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Friday, September 25, 2015

BC court says it's ok to disinherit an estranged child

I don't practice law in British Columbia, but I always read cases from that province with great interest, particularly when they discuss variation of wills. Variation of wills is a process whereby someone contests the will of a deceased person, and the court decides whether the will should be changed. The BC legislation that specifically allows this kind of variation is unique in Canada.

Recently I read an interesting blog post from a blog called Your Estate Matters which talks about the case of Kong v. Kong. Click here if you'd like to read the case report. Mr. Kong left the majority of his estate to his youngest son, left out two sons entirely, and left only small amounts to his other children. The disinherited children brought an application to the court with several allegations, including that the one son who received the estate had deliberately isolated the father from the other children and had unduly influenced the father to favour him in the father's will. They wanted the court to vary the will and give them an equal share of the estate.

The blog post by Your Estate Matters does a great job of summarizing what the court decided to do with this case. Click here to read it. The disinherited sons wanted the court to make a decision based only on what the deceased had told his wills lawyer, but the court looked further, in particular at the history of the sons' relationship with their father.

There had been incidents over the years that had caused rifts between father and sons.

The court said that where there was a "valid and rational" reason for the child to be disinherited, the court would keep the father's wishes in mind, and any variation to the will would be minor. In other words, the father who had real reasons for being angry and disappointed with a certain child could choose to disinherit that child - either fully or substantially - and the court wouldn't force an equal distribution between children.

I like this decision. For me, it adds clarity to what the court aims to do. It also supports the idea of testamentary freedom, whereby each of us can choose not to give our hard-earned assets to people who we don't think deserve them.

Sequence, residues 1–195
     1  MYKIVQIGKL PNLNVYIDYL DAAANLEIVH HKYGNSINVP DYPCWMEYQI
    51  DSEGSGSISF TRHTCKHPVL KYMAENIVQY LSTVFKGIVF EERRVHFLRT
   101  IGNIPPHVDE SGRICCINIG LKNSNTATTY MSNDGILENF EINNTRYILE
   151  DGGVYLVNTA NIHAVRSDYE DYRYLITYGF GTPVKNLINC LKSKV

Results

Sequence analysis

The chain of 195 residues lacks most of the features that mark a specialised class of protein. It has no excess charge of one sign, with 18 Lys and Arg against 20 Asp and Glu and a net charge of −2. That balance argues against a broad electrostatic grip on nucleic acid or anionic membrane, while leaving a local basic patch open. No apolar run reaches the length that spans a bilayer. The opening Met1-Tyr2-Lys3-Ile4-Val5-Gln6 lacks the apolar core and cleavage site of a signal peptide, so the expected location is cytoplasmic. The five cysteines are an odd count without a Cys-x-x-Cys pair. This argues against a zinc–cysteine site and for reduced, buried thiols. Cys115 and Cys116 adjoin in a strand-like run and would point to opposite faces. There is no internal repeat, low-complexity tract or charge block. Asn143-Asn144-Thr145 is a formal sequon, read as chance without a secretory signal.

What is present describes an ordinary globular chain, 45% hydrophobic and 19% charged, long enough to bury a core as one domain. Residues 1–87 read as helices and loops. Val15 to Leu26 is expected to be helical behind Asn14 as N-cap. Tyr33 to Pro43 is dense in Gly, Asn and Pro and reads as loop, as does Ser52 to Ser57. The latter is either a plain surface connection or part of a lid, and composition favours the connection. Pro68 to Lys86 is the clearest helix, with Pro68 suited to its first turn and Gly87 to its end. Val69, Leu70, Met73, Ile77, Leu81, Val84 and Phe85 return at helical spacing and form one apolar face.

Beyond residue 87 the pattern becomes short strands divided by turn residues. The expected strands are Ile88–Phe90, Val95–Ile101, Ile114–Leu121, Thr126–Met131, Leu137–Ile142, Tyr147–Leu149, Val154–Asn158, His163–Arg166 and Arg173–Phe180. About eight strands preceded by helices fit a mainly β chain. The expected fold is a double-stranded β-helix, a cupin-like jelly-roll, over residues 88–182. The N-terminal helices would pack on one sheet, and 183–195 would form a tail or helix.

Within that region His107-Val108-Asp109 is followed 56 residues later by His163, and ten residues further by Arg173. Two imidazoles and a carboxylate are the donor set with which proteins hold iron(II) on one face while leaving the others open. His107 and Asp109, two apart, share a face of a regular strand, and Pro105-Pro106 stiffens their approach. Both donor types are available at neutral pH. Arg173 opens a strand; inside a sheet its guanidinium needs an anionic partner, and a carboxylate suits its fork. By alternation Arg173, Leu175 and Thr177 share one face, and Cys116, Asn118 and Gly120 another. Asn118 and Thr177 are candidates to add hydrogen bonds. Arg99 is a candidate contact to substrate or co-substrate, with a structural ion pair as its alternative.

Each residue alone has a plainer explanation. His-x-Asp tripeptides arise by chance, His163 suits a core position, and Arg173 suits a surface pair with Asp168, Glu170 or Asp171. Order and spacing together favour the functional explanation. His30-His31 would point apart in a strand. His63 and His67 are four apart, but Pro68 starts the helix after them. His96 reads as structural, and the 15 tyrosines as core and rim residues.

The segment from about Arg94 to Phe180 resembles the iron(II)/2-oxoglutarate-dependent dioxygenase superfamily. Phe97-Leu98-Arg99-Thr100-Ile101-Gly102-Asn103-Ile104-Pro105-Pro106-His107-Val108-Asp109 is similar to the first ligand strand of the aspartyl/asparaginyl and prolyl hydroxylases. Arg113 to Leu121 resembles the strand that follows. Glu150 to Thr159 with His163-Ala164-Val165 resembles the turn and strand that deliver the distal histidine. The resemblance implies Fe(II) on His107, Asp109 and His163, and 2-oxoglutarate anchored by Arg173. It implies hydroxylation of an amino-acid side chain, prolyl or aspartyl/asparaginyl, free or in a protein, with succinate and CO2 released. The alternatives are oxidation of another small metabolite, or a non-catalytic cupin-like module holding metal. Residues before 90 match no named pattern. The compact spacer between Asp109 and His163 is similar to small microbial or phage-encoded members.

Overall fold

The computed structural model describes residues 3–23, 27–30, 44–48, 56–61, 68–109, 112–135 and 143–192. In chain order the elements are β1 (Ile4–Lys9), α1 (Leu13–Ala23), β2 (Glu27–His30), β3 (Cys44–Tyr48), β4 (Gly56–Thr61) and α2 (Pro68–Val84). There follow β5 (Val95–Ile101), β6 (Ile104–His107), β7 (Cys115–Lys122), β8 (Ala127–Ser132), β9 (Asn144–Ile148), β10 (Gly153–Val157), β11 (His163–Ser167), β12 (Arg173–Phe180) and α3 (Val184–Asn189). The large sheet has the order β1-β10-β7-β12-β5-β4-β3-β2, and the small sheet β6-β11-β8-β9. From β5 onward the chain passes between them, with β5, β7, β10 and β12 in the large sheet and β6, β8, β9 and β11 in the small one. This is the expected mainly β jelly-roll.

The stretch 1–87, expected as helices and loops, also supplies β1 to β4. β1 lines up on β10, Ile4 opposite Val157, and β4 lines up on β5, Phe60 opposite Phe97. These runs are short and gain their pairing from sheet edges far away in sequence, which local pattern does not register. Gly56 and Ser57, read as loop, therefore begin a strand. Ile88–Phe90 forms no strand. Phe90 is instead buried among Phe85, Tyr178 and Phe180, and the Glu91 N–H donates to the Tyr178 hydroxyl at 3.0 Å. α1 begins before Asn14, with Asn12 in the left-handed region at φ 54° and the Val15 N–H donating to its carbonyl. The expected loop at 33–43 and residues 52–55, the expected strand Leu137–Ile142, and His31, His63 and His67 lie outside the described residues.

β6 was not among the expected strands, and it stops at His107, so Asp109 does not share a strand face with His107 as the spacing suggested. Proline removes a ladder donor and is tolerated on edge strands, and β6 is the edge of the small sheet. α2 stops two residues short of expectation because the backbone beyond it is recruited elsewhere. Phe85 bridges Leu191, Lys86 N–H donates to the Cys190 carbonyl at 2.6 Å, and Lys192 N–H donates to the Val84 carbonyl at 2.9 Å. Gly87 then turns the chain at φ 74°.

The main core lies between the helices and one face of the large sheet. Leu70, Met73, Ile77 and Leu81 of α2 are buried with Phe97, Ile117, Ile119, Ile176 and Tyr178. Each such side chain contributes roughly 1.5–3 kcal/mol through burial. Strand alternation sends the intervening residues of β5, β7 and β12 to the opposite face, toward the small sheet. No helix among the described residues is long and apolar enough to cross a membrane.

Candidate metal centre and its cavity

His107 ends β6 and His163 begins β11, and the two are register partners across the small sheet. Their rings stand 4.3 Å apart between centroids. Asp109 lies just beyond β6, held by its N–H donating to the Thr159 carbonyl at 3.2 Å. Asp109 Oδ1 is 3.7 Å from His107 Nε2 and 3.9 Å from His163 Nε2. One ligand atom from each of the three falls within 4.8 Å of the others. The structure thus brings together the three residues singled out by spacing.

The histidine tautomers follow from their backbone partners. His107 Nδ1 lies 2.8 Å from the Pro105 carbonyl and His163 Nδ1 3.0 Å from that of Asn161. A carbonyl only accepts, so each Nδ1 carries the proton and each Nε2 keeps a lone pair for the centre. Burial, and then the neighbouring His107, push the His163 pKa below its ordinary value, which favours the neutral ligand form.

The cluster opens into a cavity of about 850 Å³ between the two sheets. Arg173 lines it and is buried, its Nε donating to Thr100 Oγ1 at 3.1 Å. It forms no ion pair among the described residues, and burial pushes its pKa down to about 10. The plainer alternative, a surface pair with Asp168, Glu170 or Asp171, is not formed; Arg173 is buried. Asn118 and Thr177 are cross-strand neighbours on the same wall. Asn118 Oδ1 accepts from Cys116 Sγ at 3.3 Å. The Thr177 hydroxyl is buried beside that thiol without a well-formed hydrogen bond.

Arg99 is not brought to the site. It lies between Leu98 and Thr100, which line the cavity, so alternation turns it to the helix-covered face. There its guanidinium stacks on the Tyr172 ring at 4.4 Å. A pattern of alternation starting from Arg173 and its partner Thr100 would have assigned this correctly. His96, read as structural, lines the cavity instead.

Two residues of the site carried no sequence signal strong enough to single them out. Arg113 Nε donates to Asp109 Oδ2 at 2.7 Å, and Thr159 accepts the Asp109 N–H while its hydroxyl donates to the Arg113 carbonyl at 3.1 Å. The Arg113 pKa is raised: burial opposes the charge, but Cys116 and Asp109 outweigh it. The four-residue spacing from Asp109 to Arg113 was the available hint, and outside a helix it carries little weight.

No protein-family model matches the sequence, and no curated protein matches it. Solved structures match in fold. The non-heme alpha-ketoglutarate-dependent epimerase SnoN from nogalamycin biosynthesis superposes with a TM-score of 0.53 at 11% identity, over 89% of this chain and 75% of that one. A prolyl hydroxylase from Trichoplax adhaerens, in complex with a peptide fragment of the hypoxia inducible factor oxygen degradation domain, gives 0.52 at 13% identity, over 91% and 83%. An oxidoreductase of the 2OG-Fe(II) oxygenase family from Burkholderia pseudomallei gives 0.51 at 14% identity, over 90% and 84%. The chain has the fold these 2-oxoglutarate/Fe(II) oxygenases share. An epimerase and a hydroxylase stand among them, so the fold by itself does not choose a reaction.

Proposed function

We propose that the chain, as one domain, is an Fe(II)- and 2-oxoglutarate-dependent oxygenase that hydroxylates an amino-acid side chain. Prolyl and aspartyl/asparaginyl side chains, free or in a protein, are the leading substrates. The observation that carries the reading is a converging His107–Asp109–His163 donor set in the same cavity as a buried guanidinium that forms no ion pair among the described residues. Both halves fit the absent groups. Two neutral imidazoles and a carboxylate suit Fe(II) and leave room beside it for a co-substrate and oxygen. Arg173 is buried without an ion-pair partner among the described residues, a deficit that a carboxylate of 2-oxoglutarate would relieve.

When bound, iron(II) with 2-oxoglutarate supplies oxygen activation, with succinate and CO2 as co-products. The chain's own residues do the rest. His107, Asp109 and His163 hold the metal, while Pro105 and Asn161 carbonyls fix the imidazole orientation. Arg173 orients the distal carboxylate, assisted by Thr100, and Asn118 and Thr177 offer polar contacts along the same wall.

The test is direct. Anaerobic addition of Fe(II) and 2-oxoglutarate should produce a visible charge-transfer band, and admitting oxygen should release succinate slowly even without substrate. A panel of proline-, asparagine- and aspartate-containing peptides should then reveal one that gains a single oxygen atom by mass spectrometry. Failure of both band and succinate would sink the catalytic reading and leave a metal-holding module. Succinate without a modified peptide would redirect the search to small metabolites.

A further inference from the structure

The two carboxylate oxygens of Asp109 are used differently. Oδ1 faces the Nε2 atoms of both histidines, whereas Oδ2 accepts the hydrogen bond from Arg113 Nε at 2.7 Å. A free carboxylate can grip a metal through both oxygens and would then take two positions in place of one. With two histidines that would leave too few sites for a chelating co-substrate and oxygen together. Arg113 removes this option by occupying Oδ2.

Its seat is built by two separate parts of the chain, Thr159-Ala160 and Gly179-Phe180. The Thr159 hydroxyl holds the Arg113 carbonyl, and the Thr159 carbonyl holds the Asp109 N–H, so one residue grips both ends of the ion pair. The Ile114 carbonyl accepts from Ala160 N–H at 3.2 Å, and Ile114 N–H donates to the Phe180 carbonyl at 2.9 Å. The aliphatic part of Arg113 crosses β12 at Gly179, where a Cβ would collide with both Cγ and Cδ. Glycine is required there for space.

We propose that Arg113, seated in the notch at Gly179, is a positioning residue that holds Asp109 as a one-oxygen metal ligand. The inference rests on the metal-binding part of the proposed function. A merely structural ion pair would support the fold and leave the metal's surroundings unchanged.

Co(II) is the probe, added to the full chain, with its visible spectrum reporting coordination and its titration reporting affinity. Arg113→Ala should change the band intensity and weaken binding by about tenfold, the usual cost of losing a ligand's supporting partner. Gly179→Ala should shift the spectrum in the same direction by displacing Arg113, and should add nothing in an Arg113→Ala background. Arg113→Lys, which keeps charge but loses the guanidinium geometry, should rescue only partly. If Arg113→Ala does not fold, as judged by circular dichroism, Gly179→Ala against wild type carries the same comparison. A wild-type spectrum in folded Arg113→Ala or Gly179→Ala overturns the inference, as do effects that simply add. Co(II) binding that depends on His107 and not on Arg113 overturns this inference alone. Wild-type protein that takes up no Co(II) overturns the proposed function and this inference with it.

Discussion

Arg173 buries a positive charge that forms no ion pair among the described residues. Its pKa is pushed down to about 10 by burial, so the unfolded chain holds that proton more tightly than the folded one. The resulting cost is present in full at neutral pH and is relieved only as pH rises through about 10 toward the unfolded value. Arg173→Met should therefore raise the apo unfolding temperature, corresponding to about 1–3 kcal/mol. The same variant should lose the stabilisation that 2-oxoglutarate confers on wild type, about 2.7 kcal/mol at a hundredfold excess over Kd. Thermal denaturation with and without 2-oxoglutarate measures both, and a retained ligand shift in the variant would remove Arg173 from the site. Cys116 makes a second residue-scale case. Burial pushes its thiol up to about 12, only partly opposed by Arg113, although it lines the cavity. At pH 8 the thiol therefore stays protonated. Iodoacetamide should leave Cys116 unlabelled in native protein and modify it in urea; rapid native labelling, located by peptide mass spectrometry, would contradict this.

6 comments:

  1. What happens if assets are distributed before a challenge is resolved?

    ReplyDelete
    Replies
    1. That kind of situation usually ends up in court with a judge deciding how to fix the situation. The outcome depends very much on the facts of each case, but a judge can order that money paid to someone by an estate must be repaid. It also depends on the actions of the executor. If the executor was negligent or fraudulent in distributing before he was supposed to, he could face personal sanctions by the court as well.

      Lynne

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    2. Are there any time limits (in Ontario) on how long after probate a challenge can still be submitted?

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  2. Lynne, thanks for linking to our post and congratulations on opening your new office!

    ReplyDelete
    Replies
    1. You're very welcome. I read your blog frequently and really enjoy it. Opening a new office is quite an adventure, but I'm loving the sense of freedom :)

      Lynne

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  3. I understand it legally, but I disagree with it humanly.

    Funny enough, my friend is dealing with the exact same issue in Italy. Where her dad left his only child out of the will. However in Italy, according to my limited understanding, the law does not allow children to be cut out of an estate. Apparently his child, his current wife, and even his ex-wife from 25 years ago with whom he had lived in the house and the had child, are all legally entitled to a piece of the pie. 1/3 each I believe.

    Aside from whatever Italy's motivation might be for such a law, I believe that on a human level, parents, as parents, should not disinherit their children either financially or emotionally. The act of having a child should make you responsible for their well being until, and after you die. But of course, the law disagrees....

    ReplyDelete

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